A common thread in the best of our genre is for the best sidequests to beat the core story, but The Witcher 3 even trumps that; everything feels as important and immersive as each other, and heading off on a contract or aside never feels truly contradictory to Geralt’s main mission. None of the world ever feels disjointed, and there’s no sign of that odd quest with dodgy writing or voice-over that somehow slipped through the cracks - everything is exemplary.
It’s difficult to fully articulate just how excellent The Witcher 3’s narrative is, but the best I can manage is to say that without doubt I rarely feel so utterly involved and absorbed into the world of an RPG as I did here. In many ways, its story delivery and execution sets a new bar for the big-budget cinematic RPG in general.
A game's soundtrack is its lifeblood. Not only does it help set the tone but music itself can draw out emotion and allow us to become further invested in a genre as rich as the RPG. From cutscenes, to field exploration down to title screens and menus - music is what connects us to these other worlds. This year, no game did just that quite as much as Final Fantasy XIV: Heavensward.
Despite being a MMORPG - and an expansion no less - Heavensward has more content than most single player releases, and its soundtrack amongst the fullest and most varied in both style, arrangement of classic themes and the way each theme is attached to the game. Ultimately, Sound Director Masayoshi Soken has managed to put together a score so unique but so decidedly Final Fantasy - with each track falling into place from the stirring instrumental renditions of Nobuo Uematsu's newly penned vocal theme to the rock-inspired ballads found in the more focused themed boss fights and raid environments. Many of his sounds aren't what you'd expect given the series' history, but that's the best part about it. The player never knows what to expect.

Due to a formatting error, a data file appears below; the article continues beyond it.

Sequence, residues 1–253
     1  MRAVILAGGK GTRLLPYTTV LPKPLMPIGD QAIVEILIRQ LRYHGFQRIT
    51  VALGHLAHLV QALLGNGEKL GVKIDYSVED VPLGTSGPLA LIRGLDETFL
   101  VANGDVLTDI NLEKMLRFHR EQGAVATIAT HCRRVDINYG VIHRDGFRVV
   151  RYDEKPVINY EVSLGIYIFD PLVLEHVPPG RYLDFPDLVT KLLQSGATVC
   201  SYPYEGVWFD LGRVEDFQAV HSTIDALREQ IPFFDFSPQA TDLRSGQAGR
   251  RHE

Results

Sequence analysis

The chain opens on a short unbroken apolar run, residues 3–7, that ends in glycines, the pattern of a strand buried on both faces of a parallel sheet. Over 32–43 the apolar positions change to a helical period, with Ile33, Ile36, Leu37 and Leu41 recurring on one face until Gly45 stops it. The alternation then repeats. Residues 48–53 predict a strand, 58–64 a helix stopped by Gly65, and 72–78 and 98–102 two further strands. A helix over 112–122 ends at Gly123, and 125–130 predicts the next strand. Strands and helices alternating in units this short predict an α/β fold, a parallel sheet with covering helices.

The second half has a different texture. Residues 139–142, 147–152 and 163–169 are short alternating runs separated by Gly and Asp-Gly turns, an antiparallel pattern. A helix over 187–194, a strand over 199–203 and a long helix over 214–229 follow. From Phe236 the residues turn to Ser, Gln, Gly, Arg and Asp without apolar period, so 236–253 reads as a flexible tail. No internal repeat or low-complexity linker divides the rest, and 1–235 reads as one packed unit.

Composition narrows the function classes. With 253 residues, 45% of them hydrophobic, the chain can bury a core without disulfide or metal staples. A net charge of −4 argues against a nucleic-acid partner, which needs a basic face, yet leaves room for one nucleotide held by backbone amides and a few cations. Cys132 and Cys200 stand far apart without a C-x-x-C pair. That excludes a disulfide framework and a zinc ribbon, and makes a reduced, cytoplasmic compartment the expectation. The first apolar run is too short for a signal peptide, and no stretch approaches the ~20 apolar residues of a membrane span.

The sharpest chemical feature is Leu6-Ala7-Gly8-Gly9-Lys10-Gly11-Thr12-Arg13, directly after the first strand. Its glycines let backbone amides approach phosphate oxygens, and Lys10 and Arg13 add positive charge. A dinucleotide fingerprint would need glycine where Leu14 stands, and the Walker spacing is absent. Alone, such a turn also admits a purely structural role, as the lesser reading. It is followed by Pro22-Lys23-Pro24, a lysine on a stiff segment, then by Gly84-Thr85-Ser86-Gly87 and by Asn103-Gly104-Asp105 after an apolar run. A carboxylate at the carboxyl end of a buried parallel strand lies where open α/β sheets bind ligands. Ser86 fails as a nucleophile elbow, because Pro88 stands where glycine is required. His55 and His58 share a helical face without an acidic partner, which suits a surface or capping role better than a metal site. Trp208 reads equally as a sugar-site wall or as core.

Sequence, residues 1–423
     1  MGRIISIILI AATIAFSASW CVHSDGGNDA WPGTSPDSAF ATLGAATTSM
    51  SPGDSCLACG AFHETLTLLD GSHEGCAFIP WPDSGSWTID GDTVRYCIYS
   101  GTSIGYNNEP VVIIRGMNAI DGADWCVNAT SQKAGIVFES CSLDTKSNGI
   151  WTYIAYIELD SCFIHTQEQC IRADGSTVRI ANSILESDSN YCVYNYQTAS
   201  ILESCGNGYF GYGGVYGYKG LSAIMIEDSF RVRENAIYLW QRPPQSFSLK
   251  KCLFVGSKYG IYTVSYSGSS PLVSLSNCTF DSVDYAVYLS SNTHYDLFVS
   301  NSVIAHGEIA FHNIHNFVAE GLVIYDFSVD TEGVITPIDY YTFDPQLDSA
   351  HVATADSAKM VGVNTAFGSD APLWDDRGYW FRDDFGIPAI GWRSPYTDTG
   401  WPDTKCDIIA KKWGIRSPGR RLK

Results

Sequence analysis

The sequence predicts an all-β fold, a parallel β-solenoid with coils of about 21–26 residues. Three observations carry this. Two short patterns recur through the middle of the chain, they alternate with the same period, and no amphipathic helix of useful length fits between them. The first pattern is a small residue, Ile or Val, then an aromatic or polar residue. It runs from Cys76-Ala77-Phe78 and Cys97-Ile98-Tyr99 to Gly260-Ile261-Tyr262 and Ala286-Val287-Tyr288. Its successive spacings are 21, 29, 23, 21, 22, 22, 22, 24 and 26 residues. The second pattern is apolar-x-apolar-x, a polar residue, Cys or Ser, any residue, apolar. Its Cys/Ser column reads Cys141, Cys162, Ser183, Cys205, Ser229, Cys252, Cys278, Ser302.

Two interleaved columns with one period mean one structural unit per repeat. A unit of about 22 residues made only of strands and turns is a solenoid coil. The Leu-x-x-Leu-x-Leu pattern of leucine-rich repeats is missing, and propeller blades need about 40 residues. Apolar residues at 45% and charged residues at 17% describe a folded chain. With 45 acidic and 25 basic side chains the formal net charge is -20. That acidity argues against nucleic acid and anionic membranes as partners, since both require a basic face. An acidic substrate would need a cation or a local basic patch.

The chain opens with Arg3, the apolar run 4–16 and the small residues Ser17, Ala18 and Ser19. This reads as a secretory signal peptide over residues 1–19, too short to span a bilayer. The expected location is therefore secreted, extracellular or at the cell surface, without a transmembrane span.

It's that feeling of mystery - that feeling of emotion that really brings the game's soundtrack together. The main theme - Dragonsong - is so expertly weaved throughout much of the narrative and field music to help paint the somber mood of the war-torn nation of Ishgard and the 1000 years Dragonsong war the Warrior of Light finds themselves involved in. Battle music especially has been further refined - taking queues from the heavier beats of Heavensward's main scenario but blended seamlessly with each transition from towns to fields, progressing from area to area with something new. It's the connection of all these musical themes that really express how well-put together the soundtrack really is.
2015 has been full of wonderful surprises, no matter what type of gamer you happen to be. Localizations of titles that had a slim chance of making it Westward, game series getting new titles that were long thought abandoned, and who can forget the announcement of the Final Fantasy VII remake? Within this year of constant surprises and excitement, though, the biggest shocker of all for the RPG Site team was the announcement of a sequel to the recent cult classic NieR.